Matthew Yook, a field organizer for Measure 91, celebrates early returns that favor the Oregon's marijuana legalization initiative with Elvy Musikka, a medical marijuana recipient, at their downtown headquarters in Eugene, Ore., on Tuesday, Nov. 4, 2014. (Brian Davies, The Register-Guard)

Election 2014: Marijuana legalized in Oregon, Alaska, Washington D.C.; Florida MMJ falls short

NEW YORK — Voters in Oregon, Alaska and the District of Columbia approved ballot measures Tuesday allowing the use of marijuana by adults, elating legalization activists who hope to extend their winning streak across the country.

Oregon and Alaska will join the company of Colorado and Washington state, where voters approved the recreational use of pot two years ago. The District of Columbia is on the same path unless Congress, which has review power, blocks the move.

More: National and Colorado coverage for Election 2014

The District of Columbia’s marijuana measure does not provide for the legal sale of marijuana, leaving that matter up to the D.C. Council.

That’s different from the measures in Oregon and Alaska, which would follow the example of Colorado and Washington state in setting up systems for regulating and taxing retail sales of marijuana.

The Drug Policy alliance, one of the leaders of the legalization campaign, said the results would bolster efforts to push through a ballot measure in California in 2016.

“The pace of reform is accelerating, other states are sure to follow, and even Congress is poised to wake from its slumber,” said Ethan Nadelmann, the alliance’s executive director.

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The campaign in D.C. included a debate about race — the measure’s supporters said blacks in the city had been disproportionately targeted for marijuana arrests.

Gary Fulwood, a support staffer for the city’s fire and EMS department, voted for the initiative.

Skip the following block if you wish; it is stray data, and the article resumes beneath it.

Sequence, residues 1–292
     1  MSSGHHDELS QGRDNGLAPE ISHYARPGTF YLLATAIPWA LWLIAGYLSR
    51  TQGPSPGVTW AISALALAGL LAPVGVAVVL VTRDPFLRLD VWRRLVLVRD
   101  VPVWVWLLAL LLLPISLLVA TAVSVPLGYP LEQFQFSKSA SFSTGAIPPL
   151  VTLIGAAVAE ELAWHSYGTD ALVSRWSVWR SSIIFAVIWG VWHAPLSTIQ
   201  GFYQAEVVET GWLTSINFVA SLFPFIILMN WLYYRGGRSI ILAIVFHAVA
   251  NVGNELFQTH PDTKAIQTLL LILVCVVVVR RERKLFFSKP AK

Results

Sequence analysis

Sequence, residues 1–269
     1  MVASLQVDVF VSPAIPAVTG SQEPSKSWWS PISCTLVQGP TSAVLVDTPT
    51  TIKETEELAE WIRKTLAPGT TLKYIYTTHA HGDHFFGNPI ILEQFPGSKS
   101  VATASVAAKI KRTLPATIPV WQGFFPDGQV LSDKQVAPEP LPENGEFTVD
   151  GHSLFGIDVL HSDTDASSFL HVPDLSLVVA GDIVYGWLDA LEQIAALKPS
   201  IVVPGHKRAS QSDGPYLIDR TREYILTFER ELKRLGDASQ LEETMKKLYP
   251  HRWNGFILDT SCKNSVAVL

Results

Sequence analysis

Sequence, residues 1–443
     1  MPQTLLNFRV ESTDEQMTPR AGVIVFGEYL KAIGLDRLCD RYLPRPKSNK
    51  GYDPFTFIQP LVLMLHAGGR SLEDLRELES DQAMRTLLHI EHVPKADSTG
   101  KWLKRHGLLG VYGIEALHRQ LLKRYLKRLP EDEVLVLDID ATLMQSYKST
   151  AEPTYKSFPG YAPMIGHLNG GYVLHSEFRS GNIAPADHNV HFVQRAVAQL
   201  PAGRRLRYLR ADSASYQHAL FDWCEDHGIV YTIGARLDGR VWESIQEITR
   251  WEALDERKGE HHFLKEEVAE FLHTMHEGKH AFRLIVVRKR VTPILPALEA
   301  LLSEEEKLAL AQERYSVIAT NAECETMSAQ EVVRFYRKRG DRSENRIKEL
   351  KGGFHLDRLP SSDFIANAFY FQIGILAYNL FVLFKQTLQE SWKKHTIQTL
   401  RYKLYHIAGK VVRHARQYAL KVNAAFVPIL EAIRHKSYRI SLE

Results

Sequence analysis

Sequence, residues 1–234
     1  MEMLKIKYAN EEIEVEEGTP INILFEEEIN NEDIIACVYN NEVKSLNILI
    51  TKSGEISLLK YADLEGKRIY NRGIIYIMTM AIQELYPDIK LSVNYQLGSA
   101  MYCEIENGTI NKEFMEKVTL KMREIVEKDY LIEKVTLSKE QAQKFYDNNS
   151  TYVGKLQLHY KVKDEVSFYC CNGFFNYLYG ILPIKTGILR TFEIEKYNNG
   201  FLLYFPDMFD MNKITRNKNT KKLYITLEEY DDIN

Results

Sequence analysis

“The criminal justice system is getting bogged down by marijuana use, and a lot of the people who use marijuana aren’t criminals,” Fulwood said. “I don’t see it being any worse than alcohol.”

In Florida, a measure that would have allowed marijuana use for medical reasons fell short of the 60 percent approval to pass. Amendment 2 had just under 58 percent support.

Relentless advertising saying that the ballot measure would result in a system where marijuana was medical in name only prevailed with voters.

“I truly think that it’s a health and safety issue,” said 68-year-old Veora Little of Naples, who voted against Amendment 2. “It’s the looseness of the law and the ability of children to get yet another controlled substance in a very liberal way.”

The campaign for medical marijuana was among the most expensive ballot measures in the country, with millions spent on both sides of the debate.

Opponents spent more than $6.2 million to spread their message that the shoddy measure was not designed to help the suffering. They had the backing of Sheldon Adelson, a Las Vegas casino magnate who gave the bulk of the money raised by the Drug Free Florida Committee, which funded the Vote No on 2 campaign.